Industrial Property Buying Tips and Tools

Industrial property is the entry point for many property investors to the commercial property industry. As a property type, industrial property is relatively straightforward with little complexity. The property owner needs to target and strategize the following issues when looking for a property to buy:

Industrial Property Buying Tips and Tools 1

Stable tenants
Achievable rentals
Good property location
Industrial property precinct
Growth of the local community and business sector
Vibrant industrial community supplying services, products, and raw materials
Access to transport links, ports, airports, and railheads
So now, let’s look at the industrial property needed today by tenants.

What do Industrial Tenants Need?

Traditional warehouses will include quality height, size, loading and unloading facilities, quality office space to support industrial operations, ample car parking for staff and customers, hardstand areas for operational flexibility, and high levels of security to protect the tenant’s goods their operation.

Today’s industrial tenants are far more sophisticated and demanding when it comes to selecting a property to lease or buy. Therefore, the investor should select a property that has all the elements of property usage that tenants expect in the local market. Tenants know that the property will impact operational costs and eventually the bottom line of their business. Tenants will choose their property well as a consequence.

Taking the First Step to Investment in Industrial Property

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Industrial warehouses are simple to construct and have a long economic life; hence, investors see them as an entry-level investment vehicle and popular. Providing they select a sound and strong tenant and apply a good lease, the property’s stable future is normally achievable.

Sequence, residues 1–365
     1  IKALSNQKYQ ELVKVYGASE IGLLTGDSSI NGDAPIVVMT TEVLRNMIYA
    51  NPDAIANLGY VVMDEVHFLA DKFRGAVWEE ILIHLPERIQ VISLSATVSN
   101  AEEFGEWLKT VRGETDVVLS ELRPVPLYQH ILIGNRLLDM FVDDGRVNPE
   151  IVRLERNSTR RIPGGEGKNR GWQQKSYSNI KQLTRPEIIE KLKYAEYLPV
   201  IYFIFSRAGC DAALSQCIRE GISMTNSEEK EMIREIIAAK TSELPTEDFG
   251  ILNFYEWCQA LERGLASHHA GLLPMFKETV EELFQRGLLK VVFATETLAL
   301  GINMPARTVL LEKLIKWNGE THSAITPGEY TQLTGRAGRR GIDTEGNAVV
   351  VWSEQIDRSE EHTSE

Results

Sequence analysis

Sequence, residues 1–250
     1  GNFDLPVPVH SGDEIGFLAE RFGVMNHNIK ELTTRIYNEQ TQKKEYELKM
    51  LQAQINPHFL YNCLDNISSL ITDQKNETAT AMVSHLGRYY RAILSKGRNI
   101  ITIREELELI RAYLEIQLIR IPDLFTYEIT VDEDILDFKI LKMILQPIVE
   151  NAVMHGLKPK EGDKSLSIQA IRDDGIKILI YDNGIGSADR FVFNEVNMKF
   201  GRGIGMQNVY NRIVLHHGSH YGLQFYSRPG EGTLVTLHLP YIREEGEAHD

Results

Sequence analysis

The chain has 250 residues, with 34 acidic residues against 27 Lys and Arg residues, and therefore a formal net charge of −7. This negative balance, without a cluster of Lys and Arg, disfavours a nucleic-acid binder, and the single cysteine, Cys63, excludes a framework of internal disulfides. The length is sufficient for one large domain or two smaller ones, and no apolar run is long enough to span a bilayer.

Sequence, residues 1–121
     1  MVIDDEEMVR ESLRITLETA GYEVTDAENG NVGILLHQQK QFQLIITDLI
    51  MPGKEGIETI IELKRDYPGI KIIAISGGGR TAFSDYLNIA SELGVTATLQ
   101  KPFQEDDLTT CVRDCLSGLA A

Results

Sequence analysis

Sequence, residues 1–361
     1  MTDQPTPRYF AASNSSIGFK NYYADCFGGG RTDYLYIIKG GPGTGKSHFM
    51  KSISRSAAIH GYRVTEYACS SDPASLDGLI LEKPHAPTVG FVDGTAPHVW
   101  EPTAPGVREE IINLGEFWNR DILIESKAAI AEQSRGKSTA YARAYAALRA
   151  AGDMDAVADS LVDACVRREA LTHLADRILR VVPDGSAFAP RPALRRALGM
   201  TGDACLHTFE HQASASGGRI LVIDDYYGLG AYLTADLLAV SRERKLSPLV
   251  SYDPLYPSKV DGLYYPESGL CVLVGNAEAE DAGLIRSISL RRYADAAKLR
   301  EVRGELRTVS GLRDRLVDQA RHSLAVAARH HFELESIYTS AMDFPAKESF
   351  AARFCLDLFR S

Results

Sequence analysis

There is very little management required on industrial property, and as a direct result, many private investors will manage the industrial property themselves. Unfortunately, this does have negative connotations. The first-time investor sometimes has little awareness of the specialist terms and operational conditions supported by lease documentation on their property.

These first-time investors can then overlook critical matters and make mistakes. To the experienced commercial property specialist and commercial real estate agent, it is easy to see these ‘first-time’ landlord-managed properties as you drive through a town or city. The errors of ownership are visually obvious. These errors can even reflect in the ultimate levels of rent and price on the property.

Invariably and importantly, this self-management problem will surface at the final sale or rent review when the investor has overlooked something or transacted it incorrectly. therefore, the buyers of property today will conduct a due diligence period and investigate any property before settlement.

Those property owners that manage their own investments should only do so only when and if they completely understand the complexity of the task at hand. If the investors have only a basic understanding of property performance and function, they should not self-manage it. The matter is plain and simple.

Critical property knowledge will involve key functional elements such as:

Types of rental
The lease clauses and provisions
Property maintenance strategies
Property operational costs
Contractor management
Vacancy resolution and strategy